Her mission is to saves race horses from slaughter

CorrespondentApril 30, 2014 

For Elizabeth Macdonald, life is good. She has turned a dream, nourished since childhood in Chapel Hill, into reality on her horse farm in Caswell County.

She has carried a passion for thoroughbred horses, unusual dogs and old houses for most of her 58 years. Now she possesses all three.

After a career as an art director in New York City, she returned to her roots in North Carolina and lives on 200 acres in the rural community of Blanch, 75 miles northwest of Raleigh. She shares her 18th century plantation home known as Melrose with her husband and a blue tick and a red tick coonhound.

Former race horses graze in pastures on both sides of the long drive shaded by oaks at Melrose. Macdonald saved these horses from slaughter after they were injured or didn’t muster enough speed to make the big time.

Through her involvement with two horse rescue groups, Macdonald has placed 255 horses in new homes. She serves as executive director of Blue Blood Thoroughbred Adoption and Placement, a nonprofit organization that reaches horse lovers across the United States.

“We take horses mostly from the Northeastern tracks, but we will take any race horse in need of a new career,” she said.

Potential adopters must supply references and visit the farm to determine if they are a proper fit.

“Every horse goes for a 30 day trial period,” Macdonald said. “If it is not a good fit, the horse comes back with no questions asked.”

An adoption fee ranging from $750 to $950, based on the horses’ age, training potential, attitude and conformation is required. A $2,500 fee also is required from the person who places a horse with BB for adoption. This money is used to help maintain the horses. BB is a volunteer organization with no paid workers.

Macdonald, who fox hunts, rides each horse numerous times to evaluate its potential.

“We’ve placed horses for polo, dressage, fox hunting, eventing, trail riding, show jumping and Western pleasure riding,” she said. “Most of the horses will do anything you ask them to do. … We’ve placed horses with every age group, even an 80-year-old man, a long-time fox hunter, who has been around thoroughbreds his whole life.

“We can keep as many as 30 horses comfortably on the farm,” Macdonald said. “They all live outside in pastures which have run-in sheds with water and hay. They’re much healthier if they live outside rather than in a stall.”

Macdonald draws volunteers from Averett University in Danville, Va., which maintains an equine facility in Caswell County for students in its equestrian studies program. Courses in retraining race horses will be offered at Mcdonald’s farm this fall.

Estimates of the number of horses annually going to slaughter are in the thousands. Macdonald said only 2 percent of the 30,000 race horses bred annually have a chance to be winners. Even famous race horses such as Ferdinand, winner of the 1986 Kentucky Derby and the 1987 Breeders Cup, went to slaughter after failing to sire winning foals.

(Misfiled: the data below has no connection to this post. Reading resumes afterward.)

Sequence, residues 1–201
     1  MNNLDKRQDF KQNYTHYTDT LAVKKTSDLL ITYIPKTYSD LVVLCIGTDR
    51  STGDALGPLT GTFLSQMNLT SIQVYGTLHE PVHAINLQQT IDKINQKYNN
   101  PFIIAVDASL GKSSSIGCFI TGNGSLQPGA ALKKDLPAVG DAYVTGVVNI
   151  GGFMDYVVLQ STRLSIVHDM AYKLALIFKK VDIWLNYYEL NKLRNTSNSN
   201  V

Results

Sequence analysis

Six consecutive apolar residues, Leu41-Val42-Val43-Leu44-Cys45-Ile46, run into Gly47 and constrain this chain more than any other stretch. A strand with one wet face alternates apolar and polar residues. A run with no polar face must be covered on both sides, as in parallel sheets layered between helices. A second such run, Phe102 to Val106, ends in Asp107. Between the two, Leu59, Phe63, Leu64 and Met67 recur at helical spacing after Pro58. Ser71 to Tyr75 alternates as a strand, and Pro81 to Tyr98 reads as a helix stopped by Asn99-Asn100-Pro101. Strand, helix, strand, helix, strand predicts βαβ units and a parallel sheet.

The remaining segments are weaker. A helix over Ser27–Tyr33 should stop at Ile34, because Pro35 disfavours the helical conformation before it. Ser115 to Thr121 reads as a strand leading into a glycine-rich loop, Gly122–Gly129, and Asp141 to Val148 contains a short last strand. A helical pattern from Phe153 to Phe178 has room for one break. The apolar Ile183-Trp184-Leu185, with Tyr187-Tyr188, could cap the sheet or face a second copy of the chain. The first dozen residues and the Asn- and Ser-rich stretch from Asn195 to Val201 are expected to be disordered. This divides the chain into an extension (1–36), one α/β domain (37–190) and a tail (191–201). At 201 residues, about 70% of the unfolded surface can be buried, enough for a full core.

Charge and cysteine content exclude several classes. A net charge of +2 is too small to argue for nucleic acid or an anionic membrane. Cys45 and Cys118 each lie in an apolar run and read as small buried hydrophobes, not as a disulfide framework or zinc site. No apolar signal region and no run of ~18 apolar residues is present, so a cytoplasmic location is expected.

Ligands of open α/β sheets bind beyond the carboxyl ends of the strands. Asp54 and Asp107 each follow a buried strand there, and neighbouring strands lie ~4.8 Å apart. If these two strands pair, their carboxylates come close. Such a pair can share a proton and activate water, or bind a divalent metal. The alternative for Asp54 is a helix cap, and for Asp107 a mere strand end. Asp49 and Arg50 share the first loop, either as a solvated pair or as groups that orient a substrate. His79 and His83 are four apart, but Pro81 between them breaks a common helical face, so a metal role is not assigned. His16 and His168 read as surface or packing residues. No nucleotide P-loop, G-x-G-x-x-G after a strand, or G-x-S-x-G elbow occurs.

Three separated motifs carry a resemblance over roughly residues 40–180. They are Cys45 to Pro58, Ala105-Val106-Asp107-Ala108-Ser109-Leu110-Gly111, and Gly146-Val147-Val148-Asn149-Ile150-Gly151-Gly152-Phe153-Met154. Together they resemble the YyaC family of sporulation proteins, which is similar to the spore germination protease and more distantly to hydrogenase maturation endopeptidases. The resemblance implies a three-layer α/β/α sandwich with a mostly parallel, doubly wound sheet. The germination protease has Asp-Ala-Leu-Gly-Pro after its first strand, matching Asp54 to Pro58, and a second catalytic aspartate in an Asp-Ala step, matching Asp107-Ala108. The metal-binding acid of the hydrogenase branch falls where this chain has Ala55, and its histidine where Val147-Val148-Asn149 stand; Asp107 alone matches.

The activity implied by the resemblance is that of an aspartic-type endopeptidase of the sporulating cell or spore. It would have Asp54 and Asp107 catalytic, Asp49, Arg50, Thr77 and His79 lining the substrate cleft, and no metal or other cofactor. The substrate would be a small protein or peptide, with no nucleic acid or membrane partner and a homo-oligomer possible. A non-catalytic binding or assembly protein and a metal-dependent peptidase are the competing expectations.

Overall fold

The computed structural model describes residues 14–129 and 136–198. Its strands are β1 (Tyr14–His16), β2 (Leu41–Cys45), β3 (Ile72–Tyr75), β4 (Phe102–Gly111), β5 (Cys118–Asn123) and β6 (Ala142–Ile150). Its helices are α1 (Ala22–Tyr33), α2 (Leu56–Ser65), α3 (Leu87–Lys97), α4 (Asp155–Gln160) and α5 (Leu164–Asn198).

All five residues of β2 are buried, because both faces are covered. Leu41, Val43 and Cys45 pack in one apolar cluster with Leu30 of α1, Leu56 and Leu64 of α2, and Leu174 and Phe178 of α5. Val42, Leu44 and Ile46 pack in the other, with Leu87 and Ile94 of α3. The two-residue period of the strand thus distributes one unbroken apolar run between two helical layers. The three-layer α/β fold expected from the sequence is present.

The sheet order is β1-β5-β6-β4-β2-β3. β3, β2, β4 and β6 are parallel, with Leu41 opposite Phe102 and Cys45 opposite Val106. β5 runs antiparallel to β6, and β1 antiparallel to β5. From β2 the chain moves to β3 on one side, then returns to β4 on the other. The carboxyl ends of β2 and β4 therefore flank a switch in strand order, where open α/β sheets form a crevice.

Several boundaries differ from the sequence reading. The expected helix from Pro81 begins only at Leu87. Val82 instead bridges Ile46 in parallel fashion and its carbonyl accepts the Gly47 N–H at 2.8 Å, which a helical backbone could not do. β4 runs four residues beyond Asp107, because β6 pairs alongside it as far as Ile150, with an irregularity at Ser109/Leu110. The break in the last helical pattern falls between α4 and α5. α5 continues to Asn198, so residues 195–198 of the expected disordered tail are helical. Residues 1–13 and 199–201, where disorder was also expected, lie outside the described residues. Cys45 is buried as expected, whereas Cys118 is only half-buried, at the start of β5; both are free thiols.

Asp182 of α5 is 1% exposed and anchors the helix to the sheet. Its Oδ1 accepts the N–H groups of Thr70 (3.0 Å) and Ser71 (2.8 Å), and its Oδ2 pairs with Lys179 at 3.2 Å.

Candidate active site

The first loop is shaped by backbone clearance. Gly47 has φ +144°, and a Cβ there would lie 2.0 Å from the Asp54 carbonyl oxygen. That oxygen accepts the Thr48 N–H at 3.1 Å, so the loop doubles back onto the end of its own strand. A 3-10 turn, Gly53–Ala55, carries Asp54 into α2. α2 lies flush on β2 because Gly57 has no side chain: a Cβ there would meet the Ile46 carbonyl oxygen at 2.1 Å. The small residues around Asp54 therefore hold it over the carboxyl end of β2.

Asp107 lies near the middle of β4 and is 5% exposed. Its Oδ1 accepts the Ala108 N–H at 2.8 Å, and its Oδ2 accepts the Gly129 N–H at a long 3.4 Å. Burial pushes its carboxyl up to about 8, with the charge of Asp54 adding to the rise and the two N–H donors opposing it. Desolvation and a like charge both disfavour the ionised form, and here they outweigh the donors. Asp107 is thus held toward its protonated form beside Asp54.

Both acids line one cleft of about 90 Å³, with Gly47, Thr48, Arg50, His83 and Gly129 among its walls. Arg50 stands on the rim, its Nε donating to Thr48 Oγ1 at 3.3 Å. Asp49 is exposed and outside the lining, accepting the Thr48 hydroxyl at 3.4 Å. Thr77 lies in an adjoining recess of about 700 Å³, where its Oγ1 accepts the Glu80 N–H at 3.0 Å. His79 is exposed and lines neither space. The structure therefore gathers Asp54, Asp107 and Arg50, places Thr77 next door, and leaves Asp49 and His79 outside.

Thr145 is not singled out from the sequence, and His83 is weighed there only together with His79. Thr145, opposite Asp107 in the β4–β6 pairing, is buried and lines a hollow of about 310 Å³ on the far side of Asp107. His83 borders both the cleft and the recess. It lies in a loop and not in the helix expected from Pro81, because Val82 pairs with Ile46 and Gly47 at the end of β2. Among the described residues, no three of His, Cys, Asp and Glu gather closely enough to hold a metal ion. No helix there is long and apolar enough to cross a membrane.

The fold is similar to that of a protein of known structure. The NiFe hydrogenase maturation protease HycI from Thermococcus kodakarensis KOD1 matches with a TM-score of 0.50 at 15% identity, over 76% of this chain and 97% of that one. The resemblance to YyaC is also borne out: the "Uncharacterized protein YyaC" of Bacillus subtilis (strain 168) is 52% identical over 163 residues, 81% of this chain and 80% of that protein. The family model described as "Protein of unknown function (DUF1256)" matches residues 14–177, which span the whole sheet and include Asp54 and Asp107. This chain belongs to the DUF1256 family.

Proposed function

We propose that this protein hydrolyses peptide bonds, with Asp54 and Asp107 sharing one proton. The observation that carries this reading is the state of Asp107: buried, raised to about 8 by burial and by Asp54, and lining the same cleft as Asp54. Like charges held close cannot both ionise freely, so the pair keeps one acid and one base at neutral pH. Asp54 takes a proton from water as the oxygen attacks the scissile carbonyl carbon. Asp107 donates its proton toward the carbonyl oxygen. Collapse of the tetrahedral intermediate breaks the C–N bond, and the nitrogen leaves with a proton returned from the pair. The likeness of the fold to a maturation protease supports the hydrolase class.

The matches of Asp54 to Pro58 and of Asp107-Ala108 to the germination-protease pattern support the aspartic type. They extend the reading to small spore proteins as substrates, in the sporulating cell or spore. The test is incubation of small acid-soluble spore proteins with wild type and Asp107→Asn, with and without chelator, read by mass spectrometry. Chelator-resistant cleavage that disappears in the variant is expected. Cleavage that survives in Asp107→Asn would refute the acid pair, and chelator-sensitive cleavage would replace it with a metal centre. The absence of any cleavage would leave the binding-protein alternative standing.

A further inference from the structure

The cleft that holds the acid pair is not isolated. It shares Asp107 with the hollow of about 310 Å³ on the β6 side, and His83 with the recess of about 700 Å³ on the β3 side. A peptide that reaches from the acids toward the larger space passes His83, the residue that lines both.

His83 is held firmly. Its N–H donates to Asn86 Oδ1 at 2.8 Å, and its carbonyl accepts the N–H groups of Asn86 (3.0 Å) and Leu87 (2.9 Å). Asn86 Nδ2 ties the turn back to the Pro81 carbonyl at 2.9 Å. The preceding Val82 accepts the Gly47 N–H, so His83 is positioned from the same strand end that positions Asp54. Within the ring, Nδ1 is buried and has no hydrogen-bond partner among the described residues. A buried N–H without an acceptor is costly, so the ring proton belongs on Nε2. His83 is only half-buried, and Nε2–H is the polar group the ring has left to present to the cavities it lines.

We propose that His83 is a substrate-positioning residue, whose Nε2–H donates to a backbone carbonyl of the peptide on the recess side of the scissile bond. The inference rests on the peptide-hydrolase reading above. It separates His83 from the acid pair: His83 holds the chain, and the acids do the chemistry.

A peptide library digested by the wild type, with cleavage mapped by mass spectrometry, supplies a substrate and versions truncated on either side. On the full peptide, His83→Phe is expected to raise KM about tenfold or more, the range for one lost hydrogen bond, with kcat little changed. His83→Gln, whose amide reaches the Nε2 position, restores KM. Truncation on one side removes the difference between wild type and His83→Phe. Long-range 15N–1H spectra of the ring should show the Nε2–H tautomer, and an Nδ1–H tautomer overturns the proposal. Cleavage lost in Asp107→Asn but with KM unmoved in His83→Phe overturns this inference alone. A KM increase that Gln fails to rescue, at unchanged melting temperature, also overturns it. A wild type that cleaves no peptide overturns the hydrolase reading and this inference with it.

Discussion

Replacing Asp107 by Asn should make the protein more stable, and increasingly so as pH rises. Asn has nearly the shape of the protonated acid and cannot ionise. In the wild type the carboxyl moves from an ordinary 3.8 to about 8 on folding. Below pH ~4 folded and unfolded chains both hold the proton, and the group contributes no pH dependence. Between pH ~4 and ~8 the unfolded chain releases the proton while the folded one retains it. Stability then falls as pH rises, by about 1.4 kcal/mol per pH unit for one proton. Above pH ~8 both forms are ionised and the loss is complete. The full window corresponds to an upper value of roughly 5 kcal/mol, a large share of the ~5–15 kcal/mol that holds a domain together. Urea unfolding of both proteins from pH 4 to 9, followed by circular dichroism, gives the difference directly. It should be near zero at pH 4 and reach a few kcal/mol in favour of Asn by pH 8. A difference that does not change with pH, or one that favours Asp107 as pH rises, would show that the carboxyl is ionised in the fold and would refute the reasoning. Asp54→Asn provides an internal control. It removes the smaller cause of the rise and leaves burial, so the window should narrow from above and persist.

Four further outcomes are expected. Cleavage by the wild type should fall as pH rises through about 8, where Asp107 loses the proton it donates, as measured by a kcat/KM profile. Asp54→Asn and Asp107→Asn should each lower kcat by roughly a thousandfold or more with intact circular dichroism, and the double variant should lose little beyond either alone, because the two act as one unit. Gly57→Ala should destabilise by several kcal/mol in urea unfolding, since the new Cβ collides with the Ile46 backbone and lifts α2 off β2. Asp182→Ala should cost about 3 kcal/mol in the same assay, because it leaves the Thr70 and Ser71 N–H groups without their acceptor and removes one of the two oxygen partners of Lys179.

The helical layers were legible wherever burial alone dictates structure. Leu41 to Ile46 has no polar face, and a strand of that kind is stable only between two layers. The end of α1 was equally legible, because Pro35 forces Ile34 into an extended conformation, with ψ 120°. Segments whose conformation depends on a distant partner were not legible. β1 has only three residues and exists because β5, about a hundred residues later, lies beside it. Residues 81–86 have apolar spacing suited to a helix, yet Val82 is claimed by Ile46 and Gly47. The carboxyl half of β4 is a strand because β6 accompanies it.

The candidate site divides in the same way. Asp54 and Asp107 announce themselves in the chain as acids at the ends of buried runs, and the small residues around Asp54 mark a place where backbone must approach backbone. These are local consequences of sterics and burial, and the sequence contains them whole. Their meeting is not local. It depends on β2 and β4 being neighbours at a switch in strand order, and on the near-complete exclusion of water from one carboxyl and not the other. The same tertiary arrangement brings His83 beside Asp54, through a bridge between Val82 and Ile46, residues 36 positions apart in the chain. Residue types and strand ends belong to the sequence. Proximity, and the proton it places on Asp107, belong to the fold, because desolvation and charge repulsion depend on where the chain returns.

On the other hand, many failed race horses have a full life because of Macdonald and BB. The group’s mantra is “From starting gate to starting over.”

Kellie Cochran, a Duke medical researcher who lives in Johnston County, has ridden her adopted horse to a grand championship over fences. The horse left the race world after a tendon problem.

“Our most enjoyable outings have been on the trail, far from the confines of the arena,” Cochran said. “Louie is quite brave, and we venture out regularly by ourselves and have a grand time. He doesn’t even mind when I ride him bareback, which most horses won’t tolerate.”

Renee Spaugh, a Realtor living near Charlotte, adopted a 13-year-old from BB after he bowed a tendon before ever racing. He now participates in fox hunting, dressage and jumping.

“I got him home, and he settled right in and the first time I got on him he was just dead quiet and acted like I’d ridden him all his life,” Spaugh said. “He is such an outstanding boy with a great mind and incredibly handsome, too.”

Delores Kohut, a dressage rider living in southern Virginia, also adopted a lame horse that has grown in great strides.

“I feel like a little kid opening up a present,” she said. “I just keep getting more surprises every ride on just what this horse can do … This horse, every day, is a great experience … .”

Cymry Flood, a student at Elon University, adopted a red-headed mare she describes as “sassy and bold.” Her horse completed only four races before an injury ended her career.

“Over the next three years we have made slow but steady progress and have formed a solid partnership centered on respect and hard work,” Flood said. “I was not in a rush to get into the show ring. Instead, I wanted to establish solid basics I could build on and a trusting partnership … .”

Not all the horses placed with Macdonald find homes, but they live out their lives on her farm.

‘We do have horses that can’t be placed,” she said. ‘When we do, we raise money for their upkeep through sponsorships.”

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